Food is a valuable resource and it’s often the center of our celebrations and life events so why do we let so much go to waste? The average person tosses about one pound of food per day. Small amounts of food waste may go unnoticed over time but households account for 38% of all food waste, which is more than grocery stores, restaurants, or any other sector.
The true cost of food waste is hidden so each time you throw food away at home or at a restaurant, you are also wasting the energy, resources, water and labor that was used to grow, process, and transport that food to your plate.
For example, the amount of water wasted when food is thrown away can be measured in shower minutes. A pound of bananas that ends up in the trash is equivalent to a 42-minute shower. A pound of ground beef, on the other hand, is equivalent to a shower lasting over six hours!
Reducing food waste is a shared responsibility and we can all play a part in reaching the national food waste reduction goal – to reduce food waste by 50% by the year 2030. Changing a few habits in our meal planning, preparation and storage can help reduce food waste at home, save money, and protect the environment.
- Habits take time to build, including checking your kitchen food inventory before going shopping. Shop your refrigerator, freezer, and pantry first to avoid unwanted waste. Make a shopping list based on your weekly meal plan to avoid impulse buys.
- Notice how much food gets discarded during holidays and life events. Serve less food, try a no-food event, or send leftovers home with guests.
- Restaurants serve large portions that could easily be shared or taken home for another meal. Avoid waste when ordering food by sharing meals, asking for to-go containers, or selecting items from the lunch and à la carte menus.
- Make meal prep work for you. Portion out just enough to eat, and freeze the rest in portion containers for quick weeknight meals another day.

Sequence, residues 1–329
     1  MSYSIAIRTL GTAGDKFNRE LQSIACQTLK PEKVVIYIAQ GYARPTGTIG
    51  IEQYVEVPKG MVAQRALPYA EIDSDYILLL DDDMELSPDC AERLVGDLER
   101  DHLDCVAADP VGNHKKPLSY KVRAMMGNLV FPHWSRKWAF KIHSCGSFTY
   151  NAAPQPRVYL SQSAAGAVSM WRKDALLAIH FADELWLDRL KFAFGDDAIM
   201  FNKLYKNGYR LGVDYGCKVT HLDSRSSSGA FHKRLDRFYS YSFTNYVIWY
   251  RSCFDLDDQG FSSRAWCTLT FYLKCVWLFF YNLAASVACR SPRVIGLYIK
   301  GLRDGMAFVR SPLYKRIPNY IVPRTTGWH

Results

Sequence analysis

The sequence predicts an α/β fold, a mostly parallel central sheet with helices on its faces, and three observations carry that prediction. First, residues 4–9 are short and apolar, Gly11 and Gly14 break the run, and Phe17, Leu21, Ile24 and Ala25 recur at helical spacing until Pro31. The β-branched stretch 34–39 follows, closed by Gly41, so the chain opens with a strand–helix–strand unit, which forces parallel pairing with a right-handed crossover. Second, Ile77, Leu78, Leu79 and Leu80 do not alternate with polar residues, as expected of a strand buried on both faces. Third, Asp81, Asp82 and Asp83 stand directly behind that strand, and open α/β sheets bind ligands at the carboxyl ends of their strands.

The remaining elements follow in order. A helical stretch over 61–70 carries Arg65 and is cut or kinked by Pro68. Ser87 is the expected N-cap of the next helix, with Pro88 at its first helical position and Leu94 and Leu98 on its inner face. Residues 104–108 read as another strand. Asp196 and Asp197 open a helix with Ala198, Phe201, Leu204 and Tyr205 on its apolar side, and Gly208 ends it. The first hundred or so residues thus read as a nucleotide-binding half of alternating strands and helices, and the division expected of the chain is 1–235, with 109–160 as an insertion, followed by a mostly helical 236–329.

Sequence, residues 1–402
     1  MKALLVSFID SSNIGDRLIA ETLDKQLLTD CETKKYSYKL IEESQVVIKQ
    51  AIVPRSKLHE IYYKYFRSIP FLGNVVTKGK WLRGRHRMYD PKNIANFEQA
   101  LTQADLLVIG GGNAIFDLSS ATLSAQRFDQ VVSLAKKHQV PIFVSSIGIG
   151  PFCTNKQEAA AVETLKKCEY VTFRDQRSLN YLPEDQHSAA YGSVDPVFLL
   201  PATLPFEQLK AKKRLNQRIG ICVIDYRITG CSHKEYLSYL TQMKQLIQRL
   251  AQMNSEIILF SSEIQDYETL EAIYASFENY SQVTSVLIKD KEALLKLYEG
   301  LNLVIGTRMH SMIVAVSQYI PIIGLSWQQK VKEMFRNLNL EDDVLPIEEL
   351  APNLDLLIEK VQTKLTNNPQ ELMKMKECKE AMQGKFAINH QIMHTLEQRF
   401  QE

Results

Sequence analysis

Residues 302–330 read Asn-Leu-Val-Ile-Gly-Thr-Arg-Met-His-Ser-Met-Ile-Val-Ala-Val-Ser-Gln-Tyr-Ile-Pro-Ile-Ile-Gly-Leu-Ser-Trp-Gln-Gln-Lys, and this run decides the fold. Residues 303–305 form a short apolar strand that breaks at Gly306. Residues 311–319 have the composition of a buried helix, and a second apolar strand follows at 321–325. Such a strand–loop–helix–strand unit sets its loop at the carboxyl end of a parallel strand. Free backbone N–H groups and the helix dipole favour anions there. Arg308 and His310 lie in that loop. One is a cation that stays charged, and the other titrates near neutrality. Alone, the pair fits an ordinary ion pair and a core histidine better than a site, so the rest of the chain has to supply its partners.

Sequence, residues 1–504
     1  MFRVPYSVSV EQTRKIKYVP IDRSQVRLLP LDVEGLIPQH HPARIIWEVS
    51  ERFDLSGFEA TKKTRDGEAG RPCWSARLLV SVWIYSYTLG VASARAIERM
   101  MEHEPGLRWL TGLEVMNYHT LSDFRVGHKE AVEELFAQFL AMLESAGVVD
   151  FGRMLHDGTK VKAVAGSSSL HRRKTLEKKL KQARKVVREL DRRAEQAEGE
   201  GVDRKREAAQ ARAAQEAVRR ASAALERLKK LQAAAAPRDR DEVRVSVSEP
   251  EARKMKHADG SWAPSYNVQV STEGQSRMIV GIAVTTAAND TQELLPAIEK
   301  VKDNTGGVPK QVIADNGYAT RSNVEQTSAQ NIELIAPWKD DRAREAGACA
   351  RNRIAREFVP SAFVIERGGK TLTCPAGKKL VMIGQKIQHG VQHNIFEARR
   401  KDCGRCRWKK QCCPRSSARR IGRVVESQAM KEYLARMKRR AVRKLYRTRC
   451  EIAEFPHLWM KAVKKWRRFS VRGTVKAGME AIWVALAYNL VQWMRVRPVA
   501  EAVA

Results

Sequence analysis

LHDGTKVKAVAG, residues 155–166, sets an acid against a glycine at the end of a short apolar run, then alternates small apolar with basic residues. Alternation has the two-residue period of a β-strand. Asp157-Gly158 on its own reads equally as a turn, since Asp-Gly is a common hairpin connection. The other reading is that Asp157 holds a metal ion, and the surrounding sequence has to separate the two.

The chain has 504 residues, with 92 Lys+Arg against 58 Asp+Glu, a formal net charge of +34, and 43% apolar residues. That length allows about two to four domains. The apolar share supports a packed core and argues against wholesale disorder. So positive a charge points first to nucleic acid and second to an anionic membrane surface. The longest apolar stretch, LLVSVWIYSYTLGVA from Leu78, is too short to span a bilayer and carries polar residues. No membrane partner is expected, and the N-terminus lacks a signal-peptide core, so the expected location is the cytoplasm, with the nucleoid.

- Love your leftovers. Resist the urge to make something new for dinner if you already have food to eat from a previous meal. Think of “leftovers” as “ingredients” and repurpose them in new dishes like adding leftover veggies to a breakfast scramble.
- Use the fresh ingredients first. Nearly half of all fruits and vegetables go to waste so make it a point to use these items quickly before they end up in the trash.
- Push the pause button on your food by freezing it. Freezing food flat cuts down on defrosting time and prevents large ice crystals from forming. Food will remain safe indefinitely but quality diminishes over time.
- Organize food by the “use-by” or “best if used by” dates. Move older foods that are closer to their date in front. This way you are more likely to use them first.
- Keep fruits and vegetables fresh longer by using proper storage techniques. Store your ethylene-sensitive produce (greens, garlic, peppers, strawberries) separate from ethylene-producing items (apples, figs, tomatoes, grapes) whether in the fridge or on the counter.
The confusing amount of date labels on our food packages leads to consumers throwing away good food prematurely. “Best by” and “sell by” dates are used for quality. Food is still safe to eat past these dates. Check out stilltasty.com for “eating past the date” guidance.
April is Earth Month and a great time to take a closer look at the food waste generated at home. Try tracking your food waste for a couple weeks and see where you can make improvements.Creating a zero-waste kitchen could save you $1,500 or more each year and reduce your environmental impact. Show our planet some love in honor of Earth Day, April 22.
Kristin Bogdonas is the Nutrition & Wellness Educator for University of Illinois Extension serving Henry, Mercer, Rock Island and Stark Counties. For more information, resources, and events, visit extension.illinois.edu/hmrs.